In the last three years, I have had the incredible good luck of attending a wedding each summer. Two years ago, I had the great honor of making the cake. One year ago, I sobbed as I watched two women legally and joyfully exchange vows, then start perhaps the greatest dance party I’ve ever attended. And this past weekend my eyes welled as the bride – dressed in a frock she designed herself, alternating white and lemon yellow flounces – betrayed just a tiny quiver in her perfect, crimson lips as her sister read a toast: a poem she’d written herself.
The poem was about the bride and groom, but it was also about older and younger sisters: the beautiful friend/family/learning relationship they have as they grow up together. It was, there is almost no need to assert, beautiful. Of course it was. It was about the things the girls had weathered, and how the groom had woven his way into their laughter and music, through music of his own. But it was also about what the bride had taught her sister.
Sisters learn funny things from each other, and it is disarming and lovely to be allowed to see what things they consider most important. How to read, how to write, how to sing. And, somehow magically, “how to cook radishes.” Until five or six years ago, I’d never given much thought to cooking radishes. To be honest, I hadn’t given much thought to radishes at all. They were just there, all weird and pinkly peppery, flying saucers scattered through the occasional salad, or sharp and pungent and paired with butter and salt.
But here’s a funny thing, about radishes, about weddings, about friends and family and learning: as you get older, you get to choose things. Weddings help us construct the families we choose. But so can friendships, and so can an experience like graduate school, and so, oddly enough, can radishes.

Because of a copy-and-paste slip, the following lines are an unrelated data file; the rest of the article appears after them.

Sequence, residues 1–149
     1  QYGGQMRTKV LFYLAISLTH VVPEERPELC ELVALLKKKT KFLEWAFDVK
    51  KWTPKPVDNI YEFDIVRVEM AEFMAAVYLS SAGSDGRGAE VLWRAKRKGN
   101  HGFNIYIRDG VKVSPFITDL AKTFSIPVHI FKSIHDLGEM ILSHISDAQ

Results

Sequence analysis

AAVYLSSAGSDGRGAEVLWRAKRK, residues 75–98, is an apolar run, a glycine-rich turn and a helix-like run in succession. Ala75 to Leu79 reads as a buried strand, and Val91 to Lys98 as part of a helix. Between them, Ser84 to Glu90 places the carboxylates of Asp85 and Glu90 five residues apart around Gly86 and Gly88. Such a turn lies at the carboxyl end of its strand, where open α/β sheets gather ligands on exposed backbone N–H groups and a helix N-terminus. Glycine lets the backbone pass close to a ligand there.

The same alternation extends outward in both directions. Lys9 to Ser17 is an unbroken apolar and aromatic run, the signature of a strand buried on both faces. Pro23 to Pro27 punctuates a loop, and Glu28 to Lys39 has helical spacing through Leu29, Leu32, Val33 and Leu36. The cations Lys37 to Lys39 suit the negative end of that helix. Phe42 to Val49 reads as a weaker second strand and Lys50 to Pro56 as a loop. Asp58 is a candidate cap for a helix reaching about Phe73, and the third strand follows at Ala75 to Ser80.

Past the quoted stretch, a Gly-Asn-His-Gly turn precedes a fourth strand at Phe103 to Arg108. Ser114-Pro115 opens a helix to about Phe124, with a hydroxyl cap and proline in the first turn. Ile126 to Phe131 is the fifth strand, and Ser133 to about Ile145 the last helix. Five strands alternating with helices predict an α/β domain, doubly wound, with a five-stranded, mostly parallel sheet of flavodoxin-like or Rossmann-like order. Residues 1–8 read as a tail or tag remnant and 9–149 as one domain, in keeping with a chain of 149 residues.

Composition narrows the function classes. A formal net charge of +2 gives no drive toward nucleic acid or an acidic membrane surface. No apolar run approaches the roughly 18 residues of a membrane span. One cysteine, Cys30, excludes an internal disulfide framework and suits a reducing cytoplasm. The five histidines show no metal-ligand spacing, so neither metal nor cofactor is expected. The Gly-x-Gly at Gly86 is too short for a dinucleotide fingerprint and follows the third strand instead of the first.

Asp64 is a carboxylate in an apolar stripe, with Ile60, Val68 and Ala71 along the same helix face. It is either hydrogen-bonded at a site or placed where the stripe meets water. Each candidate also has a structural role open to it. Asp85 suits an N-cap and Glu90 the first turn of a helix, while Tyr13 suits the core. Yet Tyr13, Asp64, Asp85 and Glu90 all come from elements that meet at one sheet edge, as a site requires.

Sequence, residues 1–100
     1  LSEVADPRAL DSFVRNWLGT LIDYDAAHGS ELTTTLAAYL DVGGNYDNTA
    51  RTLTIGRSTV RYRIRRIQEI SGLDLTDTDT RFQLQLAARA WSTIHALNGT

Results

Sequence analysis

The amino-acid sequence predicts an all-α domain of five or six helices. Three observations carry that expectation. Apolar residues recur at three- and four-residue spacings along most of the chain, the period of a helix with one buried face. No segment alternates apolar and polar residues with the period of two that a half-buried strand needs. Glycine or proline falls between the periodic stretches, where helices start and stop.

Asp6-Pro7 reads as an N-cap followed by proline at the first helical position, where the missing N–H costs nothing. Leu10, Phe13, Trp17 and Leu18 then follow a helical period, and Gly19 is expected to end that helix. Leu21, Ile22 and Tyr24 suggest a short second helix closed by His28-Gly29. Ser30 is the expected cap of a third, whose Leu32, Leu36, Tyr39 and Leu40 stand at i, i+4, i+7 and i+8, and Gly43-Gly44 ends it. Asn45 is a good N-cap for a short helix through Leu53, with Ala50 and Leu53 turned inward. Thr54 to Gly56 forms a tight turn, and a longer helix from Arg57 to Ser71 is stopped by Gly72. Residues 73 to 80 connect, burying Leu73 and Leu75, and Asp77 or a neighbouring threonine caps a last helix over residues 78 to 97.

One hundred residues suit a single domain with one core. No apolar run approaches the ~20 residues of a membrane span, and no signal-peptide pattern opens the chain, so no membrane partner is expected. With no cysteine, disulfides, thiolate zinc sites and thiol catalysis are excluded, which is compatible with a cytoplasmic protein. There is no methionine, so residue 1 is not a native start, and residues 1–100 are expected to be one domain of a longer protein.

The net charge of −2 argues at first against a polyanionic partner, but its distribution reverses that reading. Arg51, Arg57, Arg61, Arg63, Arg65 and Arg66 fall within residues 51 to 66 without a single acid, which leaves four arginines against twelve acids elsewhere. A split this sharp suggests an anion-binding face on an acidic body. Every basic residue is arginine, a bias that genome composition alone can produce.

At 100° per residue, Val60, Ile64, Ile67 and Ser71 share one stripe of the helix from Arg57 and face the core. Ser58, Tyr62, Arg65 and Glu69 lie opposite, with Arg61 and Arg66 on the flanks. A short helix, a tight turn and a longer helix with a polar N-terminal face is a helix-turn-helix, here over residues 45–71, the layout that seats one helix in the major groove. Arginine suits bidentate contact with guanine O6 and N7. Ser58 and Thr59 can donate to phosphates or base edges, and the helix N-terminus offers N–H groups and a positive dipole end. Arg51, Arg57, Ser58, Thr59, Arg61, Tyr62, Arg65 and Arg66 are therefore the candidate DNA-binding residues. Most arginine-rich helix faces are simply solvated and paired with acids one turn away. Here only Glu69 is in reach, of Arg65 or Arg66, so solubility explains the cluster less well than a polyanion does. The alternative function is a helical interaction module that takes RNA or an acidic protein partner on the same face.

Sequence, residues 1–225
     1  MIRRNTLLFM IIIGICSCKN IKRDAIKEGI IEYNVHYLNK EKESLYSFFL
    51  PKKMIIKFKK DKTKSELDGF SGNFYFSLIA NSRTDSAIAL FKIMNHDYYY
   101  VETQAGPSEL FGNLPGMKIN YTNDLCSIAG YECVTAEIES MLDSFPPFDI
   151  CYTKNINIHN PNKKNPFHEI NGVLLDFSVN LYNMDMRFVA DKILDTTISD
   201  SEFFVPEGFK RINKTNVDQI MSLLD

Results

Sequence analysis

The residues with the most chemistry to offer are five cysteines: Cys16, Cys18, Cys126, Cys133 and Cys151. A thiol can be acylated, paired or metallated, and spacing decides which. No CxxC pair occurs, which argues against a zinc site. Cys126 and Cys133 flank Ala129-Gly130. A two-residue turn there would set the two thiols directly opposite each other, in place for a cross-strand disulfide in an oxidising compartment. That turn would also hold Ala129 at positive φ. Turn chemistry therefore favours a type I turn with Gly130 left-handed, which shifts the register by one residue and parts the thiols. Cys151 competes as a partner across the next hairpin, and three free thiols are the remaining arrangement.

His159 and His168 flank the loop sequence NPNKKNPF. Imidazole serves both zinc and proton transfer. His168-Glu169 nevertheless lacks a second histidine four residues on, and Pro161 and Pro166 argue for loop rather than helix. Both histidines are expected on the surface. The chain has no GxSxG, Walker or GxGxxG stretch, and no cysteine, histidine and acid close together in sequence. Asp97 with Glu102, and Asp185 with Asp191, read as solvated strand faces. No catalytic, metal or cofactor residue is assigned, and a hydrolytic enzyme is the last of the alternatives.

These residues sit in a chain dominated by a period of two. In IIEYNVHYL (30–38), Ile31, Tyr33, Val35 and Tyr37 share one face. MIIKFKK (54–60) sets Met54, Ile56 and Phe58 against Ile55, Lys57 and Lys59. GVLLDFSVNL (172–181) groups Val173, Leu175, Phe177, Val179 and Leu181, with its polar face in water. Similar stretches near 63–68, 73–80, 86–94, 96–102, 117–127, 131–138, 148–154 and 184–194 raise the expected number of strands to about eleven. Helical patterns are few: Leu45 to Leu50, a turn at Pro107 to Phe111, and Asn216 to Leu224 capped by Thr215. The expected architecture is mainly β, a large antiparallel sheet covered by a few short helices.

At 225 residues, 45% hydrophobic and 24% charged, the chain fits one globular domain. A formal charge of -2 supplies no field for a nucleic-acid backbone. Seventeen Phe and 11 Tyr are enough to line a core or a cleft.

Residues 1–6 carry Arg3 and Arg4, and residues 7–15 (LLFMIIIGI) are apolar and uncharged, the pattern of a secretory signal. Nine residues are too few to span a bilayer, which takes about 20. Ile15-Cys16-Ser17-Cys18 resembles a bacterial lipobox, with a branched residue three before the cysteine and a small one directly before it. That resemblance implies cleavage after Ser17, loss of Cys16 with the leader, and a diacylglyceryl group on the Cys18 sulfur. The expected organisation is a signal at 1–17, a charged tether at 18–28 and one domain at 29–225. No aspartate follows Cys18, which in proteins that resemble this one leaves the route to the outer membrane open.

When N. and I lived in Eugene, Oregon, we decided to grow a garden. It was easy, there. It was a matter of shoving seeds into a spare bit of dirt, and watching them grow. Until the height of summer, it rained so often you barely had to worry about watering. Peas were one of our first crops, and of course we were invested in our tomatoes. But I’d still never considered radishes. Until, at S.’s house, a friend who has now become family, I was handed a french breakfast radish, pulled from her own little vegetable plot minutes before, a pink and while icicle the neighborhood deer had left quite alone. “You can just eat the whole thing,” S. told me, and I did. And the mild crunch, and the crisp, juicy spiciness, all but made me a convert then and there.
After that first year of gardening, I always bought a pack of radish seeds. And they will never not make me think of S: razor wit, funny and honest and lovely and brilliant. She’s a willing and gracious hostess, she’s a fantastic cook, and she’s the mom to my own dog-daughter’s canine BFF. She, like the bride and groom this past weekend, like J & HP whose wedding cake I made, the people I can barely wait to spend fourth of July weekend with, is one of that special and cautiously assembled group: the family I chose.